We interviewed Professor Mark Johnson, Consultant Obstetrician based at Chelsea and Westminster Hospital NHS Foundation Trust. Mark is part of the Chelsea and Westminster High Risk Pregnancy Team. He holds a strong belief in holistic care and empowerment of women throughout pregnancy, labour and delivery.
Tell us a bit about the wonderful initiative, Borne and why it’s so important.
Borne is a collaboration between Chelsea and Westminster Health Charity and the maternity team at Chelsea and Westminster Hospital. It aims to make childbirth safer for mothers and their babies.
It will do this through research and education.
In terms of research, Borne is focussed on premature birth.
In the UK alone almost 80,000 babies are born prematurely of whom over 1000 will die and those that survive have a high risk of a permanent disability. Being born too soon is responsible for 70% of disability and death in newborn babies. Worldwide, 15 million babies are born early and over 1.1 million will die as a direct consequence of their premature birth.
We at Borne want to change this, we are supporting research into new ways to prevent premature birth, which we hope will make a big impact, reducing the risk of premature birth and protecting babies that are born too soon.
In terms of education, Borne aims to ensure that maternity teams here and abroad are aware of the latest information and techniques that can be used in emergency situations. We have sent teams to Uganda, Ethiopia and South Africa to train maternity attendants, midwives and obstetricians. Our follow up shows that we make a lasting difference, improving the care given to pregnant women in these countries. Our aim now is to focus our effort to develop a template that others can use in resource poor settings to save lives of the women and babies when they are at their most vulnerable.
What is classed as a premature baby, and what are the different levels of prematurity?
Any baby that is born before 37 weeks (12% in the UK). However, the most worrying group are those babies born before 32 weeks (1.5% in the UK) as these babies are at the highest risk of lasting problems.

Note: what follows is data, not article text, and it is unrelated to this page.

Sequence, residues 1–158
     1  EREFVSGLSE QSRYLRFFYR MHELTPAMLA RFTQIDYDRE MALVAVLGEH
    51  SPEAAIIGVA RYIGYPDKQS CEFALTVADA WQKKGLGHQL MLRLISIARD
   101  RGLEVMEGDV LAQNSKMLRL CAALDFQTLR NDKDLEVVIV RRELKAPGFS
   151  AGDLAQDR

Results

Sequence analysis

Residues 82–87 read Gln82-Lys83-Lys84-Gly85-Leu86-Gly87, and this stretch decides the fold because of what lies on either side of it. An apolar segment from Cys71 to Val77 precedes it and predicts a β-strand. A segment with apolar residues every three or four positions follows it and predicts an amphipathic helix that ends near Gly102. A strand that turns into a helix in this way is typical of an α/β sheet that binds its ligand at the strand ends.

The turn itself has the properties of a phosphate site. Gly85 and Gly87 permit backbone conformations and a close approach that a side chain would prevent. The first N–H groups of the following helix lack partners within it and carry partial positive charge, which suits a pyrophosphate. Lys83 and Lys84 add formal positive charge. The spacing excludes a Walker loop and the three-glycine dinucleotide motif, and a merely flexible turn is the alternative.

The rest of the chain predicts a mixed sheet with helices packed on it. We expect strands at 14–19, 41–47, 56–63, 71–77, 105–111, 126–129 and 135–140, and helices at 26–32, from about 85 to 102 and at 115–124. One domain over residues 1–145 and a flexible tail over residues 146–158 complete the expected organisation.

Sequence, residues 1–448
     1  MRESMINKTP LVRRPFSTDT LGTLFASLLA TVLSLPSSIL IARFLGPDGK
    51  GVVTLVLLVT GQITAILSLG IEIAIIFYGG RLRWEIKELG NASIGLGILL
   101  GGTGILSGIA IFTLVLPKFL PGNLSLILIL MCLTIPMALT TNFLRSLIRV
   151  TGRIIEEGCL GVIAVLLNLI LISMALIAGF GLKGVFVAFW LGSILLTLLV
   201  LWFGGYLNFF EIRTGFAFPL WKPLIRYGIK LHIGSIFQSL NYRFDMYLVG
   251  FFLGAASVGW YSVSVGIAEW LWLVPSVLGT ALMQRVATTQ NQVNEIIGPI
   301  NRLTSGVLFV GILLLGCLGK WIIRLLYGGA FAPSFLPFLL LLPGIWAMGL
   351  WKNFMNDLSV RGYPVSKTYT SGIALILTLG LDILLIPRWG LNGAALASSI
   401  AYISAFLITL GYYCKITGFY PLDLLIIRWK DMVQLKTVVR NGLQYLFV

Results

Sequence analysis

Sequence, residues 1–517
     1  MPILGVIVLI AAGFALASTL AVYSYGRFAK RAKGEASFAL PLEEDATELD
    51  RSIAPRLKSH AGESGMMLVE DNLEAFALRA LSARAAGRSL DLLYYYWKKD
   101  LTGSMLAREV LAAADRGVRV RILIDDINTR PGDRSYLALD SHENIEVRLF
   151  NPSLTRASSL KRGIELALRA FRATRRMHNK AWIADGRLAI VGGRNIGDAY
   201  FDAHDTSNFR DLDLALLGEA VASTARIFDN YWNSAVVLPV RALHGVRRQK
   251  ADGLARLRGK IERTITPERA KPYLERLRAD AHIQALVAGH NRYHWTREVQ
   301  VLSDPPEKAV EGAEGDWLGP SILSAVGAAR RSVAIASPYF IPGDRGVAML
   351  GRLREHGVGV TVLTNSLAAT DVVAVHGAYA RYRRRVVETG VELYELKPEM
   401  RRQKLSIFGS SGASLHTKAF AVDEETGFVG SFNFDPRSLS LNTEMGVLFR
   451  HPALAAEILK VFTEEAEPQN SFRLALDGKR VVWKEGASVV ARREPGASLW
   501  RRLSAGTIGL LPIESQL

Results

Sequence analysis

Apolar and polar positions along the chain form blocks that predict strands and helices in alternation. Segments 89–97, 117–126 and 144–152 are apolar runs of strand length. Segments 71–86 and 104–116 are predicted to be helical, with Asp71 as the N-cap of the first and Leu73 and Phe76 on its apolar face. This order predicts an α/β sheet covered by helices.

What are the known causes of premature birth and how common are they?
Premature birth is commonly associated with infection, multiple pregnancy (twins) and bleeding, but we actually don’t know nearly enough about the causes, which is why our research is so important. We can translate our understanding of the causes into possible preventions and treatments.
How can a mother help prevent a premature birth at the different stages of pregnancy – from preparing her body for pregnancy, and during each trimester?
It is always good to start pregnancy in good health, eating well and keeping fit. This is true for most women throughout pregnancy, although for some exercise may be advised against, for example women who have had more than three miscarriages.
There are, as yet, no proven, specific measures that a woman can take to reduce the risk of preterm labour. We are: trying to solve this at Borne.
- working on dietary measures
- trialling treatments that may prolong pregnancy – each additional week is vital to improving the baby’s life chances.
- trying to introduce universal screening to identify those women who are at high risk of preterm birth, so we can offer them the best possible ante-natal care.
Describe what happens during a premature baby’s time in hospital right from birth.
A very premature baby, before 34 weeks, will be taken virtually immediately to the neonatal intensive care unit where the doctors and nurses will assess how well the baby is breathing, whether the baby is able to maintain its circulation and whether antibiotics should be given. Some babies need a lot of help to keep them stable, others less so. For example some are able to breast feed while others need to have a tube passed to their stomach via their nose to feed them directly. Generally babies will be kept on the unit until they are able to breath for themselves, maintain their body temperature and feed without a tube.
What support is there for mothers during this time, and when the baby is finally allowed home, what extra care is needed?
The nurses and doctors on the units are very helpful and supportive to the parents while they are on the unit and parents should feel free to ask any questions that they have to help them understand what is happening and why.
Once home, most babies are completely fine and need no more care than normal. Occasionally, a baby may need more support; help with breathing or feeding problems may occur.
We now offer a post-natal car app for smartphones that will offer mothers advice and guidance in how best to look after their babies.
Is there anything our readers can do to help Borne in the UK?
Readers can support Borne in so many ways. The easiest way is to donate here. We always need additional support for our life saving research and education efforts. Readers can also attend an event or volunteer to raise funds – for instance, we have a wonderful group of supporters who, led by ex-England rugby legend, Will Greenwood – will be climbing Kilimanjaro later this year in aid of Borne. Further information can be found on www.borne.org.uk. Here you will also find our new film about Borne.